On the Hard, in Tonga.

Gonna slap a little sailing lexicon on ya.

When a person that owns a boat says their boat is “on the hard”, and they are not in tears. They typically mean the boat is in storage, out of the water and on dry land, usually in a boatyard somewhere.

Which, as it turns out is the exact situation we are in right now, and have been for the last 3 or 4 months.

We arrived here in Tonga on the 12th of October 2015. Spent a 6 weeks or so checking out the islands, beaches, reefs and anchorages around the Vava’u island group until the 2nd of December when we had to put the boat on the hard….*wink* and have been living in a shitty little apartment since.

You might be asking yourself, “why not just stay on your boat, on the hard”.

Answer: Cause it sucks.

So how does a boat go from this:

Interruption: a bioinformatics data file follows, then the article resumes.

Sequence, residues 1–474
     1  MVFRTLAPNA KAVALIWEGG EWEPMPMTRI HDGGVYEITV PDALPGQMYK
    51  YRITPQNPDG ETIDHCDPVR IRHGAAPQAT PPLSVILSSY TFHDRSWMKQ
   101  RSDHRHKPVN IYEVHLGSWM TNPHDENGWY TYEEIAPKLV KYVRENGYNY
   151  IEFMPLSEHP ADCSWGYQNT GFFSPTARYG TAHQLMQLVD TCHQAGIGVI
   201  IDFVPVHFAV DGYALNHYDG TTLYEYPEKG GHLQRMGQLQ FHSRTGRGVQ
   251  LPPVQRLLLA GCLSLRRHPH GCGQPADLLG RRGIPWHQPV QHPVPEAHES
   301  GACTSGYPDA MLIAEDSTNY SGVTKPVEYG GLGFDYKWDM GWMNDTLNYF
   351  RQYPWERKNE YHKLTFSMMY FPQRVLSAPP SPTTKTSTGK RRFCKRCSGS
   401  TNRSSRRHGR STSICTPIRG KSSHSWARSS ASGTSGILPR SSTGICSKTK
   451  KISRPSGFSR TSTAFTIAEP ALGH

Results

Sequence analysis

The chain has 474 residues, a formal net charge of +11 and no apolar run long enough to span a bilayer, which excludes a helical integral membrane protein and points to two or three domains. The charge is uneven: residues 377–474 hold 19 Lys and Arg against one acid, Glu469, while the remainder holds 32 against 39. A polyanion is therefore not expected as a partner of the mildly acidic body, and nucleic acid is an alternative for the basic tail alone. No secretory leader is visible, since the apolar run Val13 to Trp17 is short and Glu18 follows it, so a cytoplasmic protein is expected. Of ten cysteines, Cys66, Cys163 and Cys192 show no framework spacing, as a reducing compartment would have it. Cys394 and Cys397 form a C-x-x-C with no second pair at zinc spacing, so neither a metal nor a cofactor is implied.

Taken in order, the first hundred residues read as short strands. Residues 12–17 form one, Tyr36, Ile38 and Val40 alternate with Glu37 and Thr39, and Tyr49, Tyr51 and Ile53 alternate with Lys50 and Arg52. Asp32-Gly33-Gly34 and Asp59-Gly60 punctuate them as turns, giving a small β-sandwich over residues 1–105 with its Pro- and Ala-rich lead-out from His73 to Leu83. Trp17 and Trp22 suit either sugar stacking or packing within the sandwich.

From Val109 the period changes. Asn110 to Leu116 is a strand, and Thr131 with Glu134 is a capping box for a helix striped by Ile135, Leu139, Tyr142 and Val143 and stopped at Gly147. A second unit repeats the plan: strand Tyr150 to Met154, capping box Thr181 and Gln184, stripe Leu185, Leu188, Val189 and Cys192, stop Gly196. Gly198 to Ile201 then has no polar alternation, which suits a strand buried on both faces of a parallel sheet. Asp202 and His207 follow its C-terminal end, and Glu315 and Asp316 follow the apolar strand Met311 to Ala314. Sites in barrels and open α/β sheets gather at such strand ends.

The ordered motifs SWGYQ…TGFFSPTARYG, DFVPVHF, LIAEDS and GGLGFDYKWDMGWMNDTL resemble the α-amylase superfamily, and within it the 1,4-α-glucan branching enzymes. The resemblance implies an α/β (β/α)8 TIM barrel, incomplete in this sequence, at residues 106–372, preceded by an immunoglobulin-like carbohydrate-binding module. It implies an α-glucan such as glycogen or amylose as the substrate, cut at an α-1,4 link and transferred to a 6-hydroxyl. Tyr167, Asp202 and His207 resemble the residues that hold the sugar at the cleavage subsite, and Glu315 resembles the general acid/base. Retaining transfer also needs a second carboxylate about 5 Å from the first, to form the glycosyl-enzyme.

To this?*

Watch this informative video to find out.

By the way, if you ever find your self in Tonga and need a place to store your boat. Stop in and say hi to Joe and Alan at The BoatYard in Tonga. Great guys and they will totally take care of your boat.

*The keen eyed reader will note that the picture of Palarran at anchor was taken in Fatu Hiva, Marquesas. So technically, you would have to add a couple thousand miles of awesome downwind, open ocean sailing** into the mix before you get to the haulout in Tonga.

**And a couple hundred miles of butt clinchingly terrifying miles too. Sorry to any dudes out there trying to talk their wives into this doing this trip….it’s just part of the package. Crossing an ocean is NO SHIT for real. :)

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And you thought your family was weird.